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Lookup NU author(s): Dr Laura Kirkley
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Normal 0 false false false EN-GB X-NONE X-NONE Since the 1980s, the ‘cultural turn’ in Translation Studies has invited scholars to understand translation as a creative practice, a transformative appropriation of source material. In her interventionist translation, Elements of Morality for the use of young children (1790), Wollstonecraft reconstructs the German mother, Frau Herrmann, in Christian Gotthilf Salzmann’s Moralisches Elementarbuch (1783), as Mrs Jones, an authoritative educator with feminist potential. Mrs Jones has much in common with Mrs Mason, Wollstonecraft’s pedagogical alter-ego in her conduct-book, Original Stories from real life (1788). This article argues that both characters are Wollstonecraftian alter-egos who can, in turn, be regarded as feminist ‘translations’ of the autofictional matriarchs dominating the works of Félicité de Genlis. At various stages of her career, Wollstonecraft translates, both literally and metaphorically, the figure of the mother-educator, who, in her final incarnation in Maria, or The Wrongs of Woman (1798), represents the most progressive stage in her Revolutionary feminism. She draws on influential source texts but resists their putative authority, appropriating and transforming material in the service of her feminist agenda. Each of her works can also be said to rewrite – or translate – its predecessors, inviting initiated readers to draw intertextual connections. I argue that her literary corpus is, in essence, ‘translational’, dependent on dialogical relations with other writers and born of a process of rewriting that invests each text with an original – and distinctly feminist – spirit.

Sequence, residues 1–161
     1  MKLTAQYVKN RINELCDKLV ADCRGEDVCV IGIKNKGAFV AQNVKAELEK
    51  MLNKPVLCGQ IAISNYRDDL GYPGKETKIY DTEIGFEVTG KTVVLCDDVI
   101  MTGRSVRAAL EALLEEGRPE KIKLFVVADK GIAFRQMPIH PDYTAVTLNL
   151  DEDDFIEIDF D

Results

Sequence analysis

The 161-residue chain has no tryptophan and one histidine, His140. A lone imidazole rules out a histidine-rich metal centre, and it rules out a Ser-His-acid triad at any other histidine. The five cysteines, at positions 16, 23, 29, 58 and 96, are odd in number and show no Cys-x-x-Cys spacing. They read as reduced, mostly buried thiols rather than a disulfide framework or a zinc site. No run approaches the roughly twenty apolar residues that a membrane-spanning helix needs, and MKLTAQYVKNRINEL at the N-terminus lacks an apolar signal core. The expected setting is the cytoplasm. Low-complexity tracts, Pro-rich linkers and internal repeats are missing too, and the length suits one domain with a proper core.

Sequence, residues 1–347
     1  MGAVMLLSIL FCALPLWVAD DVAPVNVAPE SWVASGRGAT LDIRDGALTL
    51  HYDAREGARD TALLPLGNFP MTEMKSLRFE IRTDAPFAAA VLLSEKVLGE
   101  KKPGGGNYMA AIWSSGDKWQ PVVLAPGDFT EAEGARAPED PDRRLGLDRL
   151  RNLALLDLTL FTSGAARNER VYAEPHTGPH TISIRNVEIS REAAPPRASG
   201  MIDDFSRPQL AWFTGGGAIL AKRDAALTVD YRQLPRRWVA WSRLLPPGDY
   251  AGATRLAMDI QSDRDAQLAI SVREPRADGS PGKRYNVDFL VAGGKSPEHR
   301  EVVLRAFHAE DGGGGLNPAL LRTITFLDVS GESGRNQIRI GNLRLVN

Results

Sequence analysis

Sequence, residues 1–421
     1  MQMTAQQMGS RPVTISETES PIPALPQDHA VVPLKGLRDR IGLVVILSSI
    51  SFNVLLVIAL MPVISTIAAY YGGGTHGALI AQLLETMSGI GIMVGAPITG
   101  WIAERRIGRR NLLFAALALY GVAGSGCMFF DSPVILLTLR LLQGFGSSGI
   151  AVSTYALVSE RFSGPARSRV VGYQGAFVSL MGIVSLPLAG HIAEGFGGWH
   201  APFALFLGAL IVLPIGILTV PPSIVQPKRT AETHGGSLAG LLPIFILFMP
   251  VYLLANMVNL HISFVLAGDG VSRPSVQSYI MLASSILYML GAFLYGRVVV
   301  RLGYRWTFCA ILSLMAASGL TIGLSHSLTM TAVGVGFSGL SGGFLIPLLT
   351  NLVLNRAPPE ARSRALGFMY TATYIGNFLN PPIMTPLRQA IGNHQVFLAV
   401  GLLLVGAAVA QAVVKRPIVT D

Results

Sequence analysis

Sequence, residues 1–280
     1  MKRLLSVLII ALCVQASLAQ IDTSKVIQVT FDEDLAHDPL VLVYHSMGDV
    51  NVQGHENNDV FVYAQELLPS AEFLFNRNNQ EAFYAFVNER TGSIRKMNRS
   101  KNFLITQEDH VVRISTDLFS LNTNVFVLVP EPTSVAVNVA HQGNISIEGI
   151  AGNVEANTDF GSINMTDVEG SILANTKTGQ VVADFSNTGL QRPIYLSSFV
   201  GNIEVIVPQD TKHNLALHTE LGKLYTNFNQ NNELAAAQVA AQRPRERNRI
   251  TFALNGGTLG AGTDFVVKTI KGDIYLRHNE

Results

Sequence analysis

Author(s): Kirkley L
Editor(s): Goodman RT
Publication type: Book Chapter
Publication status: Published
Book Title: Literature and the Development of Feminist Theory
Print publication date: 30/11/2015
Acceptance date: 14/12/2014
Publisher: Cambridge University Press
Place Published: Cambridge